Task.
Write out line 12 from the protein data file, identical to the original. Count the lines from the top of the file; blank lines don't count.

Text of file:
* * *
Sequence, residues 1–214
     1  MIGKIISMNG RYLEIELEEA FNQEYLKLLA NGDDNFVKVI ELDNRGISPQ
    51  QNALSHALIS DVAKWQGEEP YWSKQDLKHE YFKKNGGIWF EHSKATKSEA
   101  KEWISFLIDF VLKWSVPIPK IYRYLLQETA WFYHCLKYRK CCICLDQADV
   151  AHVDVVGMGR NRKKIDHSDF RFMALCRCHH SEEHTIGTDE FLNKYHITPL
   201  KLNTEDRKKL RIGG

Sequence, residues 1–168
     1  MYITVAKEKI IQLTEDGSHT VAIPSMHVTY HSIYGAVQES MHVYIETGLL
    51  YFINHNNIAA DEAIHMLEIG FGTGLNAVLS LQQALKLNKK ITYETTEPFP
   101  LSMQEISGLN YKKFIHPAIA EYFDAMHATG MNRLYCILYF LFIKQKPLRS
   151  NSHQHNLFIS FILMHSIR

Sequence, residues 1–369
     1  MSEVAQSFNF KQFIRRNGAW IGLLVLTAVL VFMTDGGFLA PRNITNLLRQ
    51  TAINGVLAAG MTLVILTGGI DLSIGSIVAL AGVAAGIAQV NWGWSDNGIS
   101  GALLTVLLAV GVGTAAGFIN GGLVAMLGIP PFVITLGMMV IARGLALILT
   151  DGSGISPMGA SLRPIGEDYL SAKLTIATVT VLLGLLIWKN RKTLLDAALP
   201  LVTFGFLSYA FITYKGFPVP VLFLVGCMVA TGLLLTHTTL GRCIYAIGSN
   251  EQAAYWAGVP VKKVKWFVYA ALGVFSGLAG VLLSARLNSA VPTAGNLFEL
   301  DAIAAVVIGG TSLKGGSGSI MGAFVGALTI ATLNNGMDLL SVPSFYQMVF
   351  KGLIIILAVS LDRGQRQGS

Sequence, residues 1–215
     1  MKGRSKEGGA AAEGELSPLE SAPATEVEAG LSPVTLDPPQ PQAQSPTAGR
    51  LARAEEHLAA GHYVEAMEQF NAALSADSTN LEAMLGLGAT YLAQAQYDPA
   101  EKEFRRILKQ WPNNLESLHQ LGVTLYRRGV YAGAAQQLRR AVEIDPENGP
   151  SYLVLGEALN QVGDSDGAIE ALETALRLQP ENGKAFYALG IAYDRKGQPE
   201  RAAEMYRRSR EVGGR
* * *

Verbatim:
Sequence, residues 1–369